Mississippi is among 37 states vying to be one of six sites selected by the Federal Aviation Administration for testing of Unmanned Aircraft Systems.
The testing is a prelude to integrating the remotely controlled aircraft into the nation’s general aviation system. If testing proves successful, the next step will be wide commercial use of the unmanned aircraft.
The Mississippi Development Authority hopes to leverage the state’s vast defense contracting base, including drone manufacturer Stark Aerospace in Columbus, to gain selection.
“Our next major submission is due to the FAA on May 6,” said Sally Williams, MDA spokeswoman.
She said the economic development agency is limited in what it can say about its bid until after it makes its May submission.
With Unnamed Aircraft Systems, or UAS, considered the next big thing in aerospace, the MDA concedes the competition will be intense.
Mississippi is already home to some UAS flight testing. The FAA two years ago authorized Stark Aerospace to fly the Heron UAS from Golden Triangle Regional Airport (GTRA). Stark’s Heron testing is conducted within the traffic control area of GTRA.
The Heron is a Medium Endurance Long Altitude (MALE) UAS in use in 27 countries and has been flown by Stark’s Flight Services team in support of U.S. counter-narcotics operations.
The Heron’s strong safety record and built-in redundancies as well as its ability to do autonomous takeoffs and landings in up to 25 knot crosswinds influenced the FAA’s decision to grant the testing permit, Stark said.
“This is the next step as we continue to establish the Golden Triangle as the leader in the aerospace industry,” said Mike Hainsey, executive director of GTRA, in a press statement issued by Stark shortly after the 2011 FAA testing authorization.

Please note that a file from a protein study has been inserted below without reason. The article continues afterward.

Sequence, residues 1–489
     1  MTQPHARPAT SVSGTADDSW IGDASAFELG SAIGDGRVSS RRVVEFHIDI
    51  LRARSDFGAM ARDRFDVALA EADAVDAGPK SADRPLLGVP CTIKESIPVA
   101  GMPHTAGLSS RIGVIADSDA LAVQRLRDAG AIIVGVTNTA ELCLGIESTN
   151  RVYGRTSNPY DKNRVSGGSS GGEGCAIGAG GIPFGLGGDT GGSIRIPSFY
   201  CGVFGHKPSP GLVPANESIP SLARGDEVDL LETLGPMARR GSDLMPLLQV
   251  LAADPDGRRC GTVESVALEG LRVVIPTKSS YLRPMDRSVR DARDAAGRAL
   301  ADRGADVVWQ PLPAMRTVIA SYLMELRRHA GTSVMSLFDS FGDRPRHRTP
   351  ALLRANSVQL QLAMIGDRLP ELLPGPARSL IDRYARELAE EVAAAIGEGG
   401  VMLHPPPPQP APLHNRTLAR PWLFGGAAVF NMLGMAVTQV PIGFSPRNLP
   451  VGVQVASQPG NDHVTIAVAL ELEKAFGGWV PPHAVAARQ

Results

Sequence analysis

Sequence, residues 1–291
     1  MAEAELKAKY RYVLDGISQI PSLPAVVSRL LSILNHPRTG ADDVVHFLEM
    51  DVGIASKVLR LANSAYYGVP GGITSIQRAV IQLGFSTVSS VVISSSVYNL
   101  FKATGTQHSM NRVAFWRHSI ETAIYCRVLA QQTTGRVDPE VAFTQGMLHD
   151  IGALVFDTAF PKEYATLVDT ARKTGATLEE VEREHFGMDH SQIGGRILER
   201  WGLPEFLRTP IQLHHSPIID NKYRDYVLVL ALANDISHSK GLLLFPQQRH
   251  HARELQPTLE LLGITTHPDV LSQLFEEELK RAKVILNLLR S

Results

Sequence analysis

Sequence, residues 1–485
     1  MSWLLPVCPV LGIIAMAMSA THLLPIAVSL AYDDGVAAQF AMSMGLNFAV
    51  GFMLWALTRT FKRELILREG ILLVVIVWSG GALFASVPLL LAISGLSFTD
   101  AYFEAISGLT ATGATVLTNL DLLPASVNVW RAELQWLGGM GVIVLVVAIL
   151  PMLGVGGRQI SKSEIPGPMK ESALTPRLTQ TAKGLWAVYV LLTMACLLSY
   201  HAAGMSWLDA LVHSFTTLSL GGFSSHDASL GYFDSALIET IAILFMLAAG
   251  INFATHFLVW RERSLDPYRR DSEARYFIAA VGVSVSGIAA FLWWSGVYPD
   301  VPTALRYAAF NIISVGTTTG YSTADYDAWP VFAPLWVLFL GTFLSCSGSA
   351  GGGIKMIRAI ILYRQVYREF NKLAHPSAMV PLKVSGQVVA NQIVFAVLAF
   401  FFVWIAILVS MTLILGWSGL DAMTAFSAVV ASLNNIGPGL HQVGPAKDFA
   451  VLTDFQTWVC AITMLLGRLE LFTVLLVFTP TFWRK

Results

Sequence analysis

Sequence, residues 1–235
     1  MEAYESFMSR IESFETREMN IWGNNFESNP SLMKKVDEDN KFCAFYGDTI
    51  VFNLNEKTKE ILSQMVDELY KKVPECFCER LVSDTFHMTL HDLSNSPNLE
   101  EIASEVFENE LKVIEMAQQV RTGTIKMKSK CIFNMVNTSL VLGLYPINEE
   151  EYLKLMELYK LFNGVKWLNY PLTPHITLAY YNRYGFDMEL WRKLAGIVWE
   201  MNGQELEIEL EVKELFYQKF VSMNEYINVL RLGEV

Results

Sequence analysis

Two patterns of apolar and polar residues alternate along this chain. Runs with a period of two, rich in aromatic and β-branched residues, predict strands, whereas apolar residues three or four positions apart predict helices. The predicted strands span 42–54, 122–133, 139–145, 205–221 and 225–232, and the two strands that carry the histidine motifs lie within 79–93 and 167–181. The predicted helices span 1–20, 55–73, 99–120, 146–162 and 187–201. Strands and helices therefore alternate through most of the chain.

GTRA is among only a few commercial service airports for which the FAA has authorized UAS operations.
Stark has a fully integrated hangar capable of both production acceptance and training operations. From the hangar, there is direct access to the runway at Golden Triangle Regional Airport, where the FAA has authorized Heron flights.
Stark produces the Heron and the Hunter MQ-5B Unmanned Aerial Systems at its high-tech production facility in Columbus.
The Hunter MQ-5B is a tactical Unmanned Aerial Systems (TUAS) that has flown more than 100,000 hours in support of the U.S. war against terrorism.
Despite the presence of Stark and other aerial defense contractors in the state, Mississippi could be a long shot, according to a ranking by Popular Science magazine, which listed Huntsville, Ala., as the lone location in the South likely to get serious consideration.
Here is the Popular Science ranking of what the magazine views as the seven strongest prospective sites and its brief analysis:
» San Diego — General Atomics, maker of the Predator Drone, is just one of many companies that provides San Diego with a sizable drone industry. The city’s industrial base, range of climates and easy flying conditions make San Diego a shoo-in.
» North Dakota — The state will probably get the bid, and it should. Testing drones in extreme winter conditions is important.
» Hancock Field, New York — Hancock will be an FAA test site, but it really shouldn’t. Having an important politician in U.S. Sen. Chuck Schumer to tip the scales is how these things are done. But for all its charm, Hancock Field offers very little that isn’t matched and exceeded elsewhere.
» Sierra Vista, Az. — With a high volume of drone flights already taking place, southern Arizona has a lot to offer the FAA in crafting flight rules that accommodate both manned and unmanned aircraft. Sierra Vista offers good access to the border and air traffic control there is experienced with high-volume drone flights.
» Huntsville, Ala. — The city boasts an annual symposium on Unmanned Vehicle Systems, now in its 24th year. That is a strong sign of native talent and technical expertise, which elevates Huntsville’s FAA drone aspirations above those of the average region. It’s still not seen as enough to sway the FAA, however.
» Creech Air Force Base, NV. — Nevada has a long history of aviation testing, and IT expertise can feed drone technical development easily. That, combined with vast tracts of empty federal land and cleared airspace, allow for great testing possibilities.
» Dayton, Ohio — The FAA will need an average city to test drones in, and Dayton fits the bill. It’s large enough to present both challenges, like other air traffic, and opportunities, like enough customers to make taco drones viable. Dayton is expected to succeed in its bid.